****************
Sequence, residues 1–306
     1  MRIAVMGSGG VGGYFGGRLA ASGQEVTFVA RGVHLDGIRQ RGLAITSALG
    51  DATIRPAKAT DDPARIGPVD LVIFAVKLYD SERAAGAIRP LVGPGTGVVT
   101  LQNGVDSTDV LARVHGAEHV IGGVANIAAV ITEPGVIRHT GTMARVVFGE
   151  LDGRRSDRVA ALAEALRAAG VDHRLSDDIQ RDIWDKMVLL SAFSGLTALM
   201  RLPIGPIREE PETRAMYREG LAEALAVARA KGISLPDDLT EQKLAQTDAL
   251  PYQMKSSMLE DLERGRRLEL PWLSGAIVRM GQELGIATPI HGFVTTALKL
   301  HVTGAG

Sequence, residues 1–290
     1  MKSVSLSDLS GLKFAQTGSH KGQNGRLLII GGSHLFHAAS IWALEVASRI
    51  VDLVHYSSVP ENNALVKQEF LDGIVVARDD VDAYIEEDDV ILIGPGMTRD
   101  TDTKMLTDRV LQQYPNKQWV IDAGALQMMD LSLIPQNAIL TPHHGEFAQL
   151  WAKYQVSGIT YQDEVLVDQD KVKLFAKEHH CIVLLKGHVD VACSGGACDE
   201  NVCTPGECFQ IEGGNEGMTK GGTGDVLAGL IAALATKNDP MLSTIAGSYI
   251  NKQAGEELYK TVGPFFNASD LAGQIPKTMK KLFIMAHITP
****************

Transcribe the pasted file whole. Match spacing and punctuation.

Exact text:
Sequence, residues 1–306
     1  MRIAVMGSGG VGGYFGGRLA ASGQEVTFVA RGVHLDGIRQ RGLAITSALG
    51  DATIRPAKAT DDPARIGPVD LVIFAVKLYD SERAAGAIRP LVGPGTGVVT
   101  LQNGVDSTDV LARVHGAEHV IGGVANIAAV ITEPGVIRHT GTMARVVFGE
   151  LDGRRSDRVA ALAEALRAAG VDHRLSDDIQ RDIWDKMVLL SAFSGLTALM
   201  RLPIGPIREE PETRAMYREG LAEALAVARA KGISLPDDLT EQKLAQTDAL
   251  PYQMKSSMLE DLERGRRLEL PWLSGAIVRM GQELGIATPI HGFVTTALKL
   301  HVTGAG

Sequence, residues 1–290
     1  MKSVSLSDLS GLKFAQTGSH KGQNGRLLII GGSHLFHAAS IWALEVASRI
    51  VDLVHYSSVP ENNALVKQEF LDGIVVARDD VDAYIEEDDV ILIGPGMTRD
   101  TDTKMLTDRV LQQYPNKQWV IDAGALQMMD LSLIPQNAIL TPHHGEFAQL
   151  WAKYQVSGIT YQDEVLVDQD KVKLFAKEHH CIVLLKGHVD VACSGGACDE
   201  NVCTPGECFQ IEGGNEGMTK GGTGDVLAGL IAALATKNDP MLSTIAGSYI
   251  NKQAGEELYK TVGPFFNASD LAGQIPKTMK KLFIMAHITP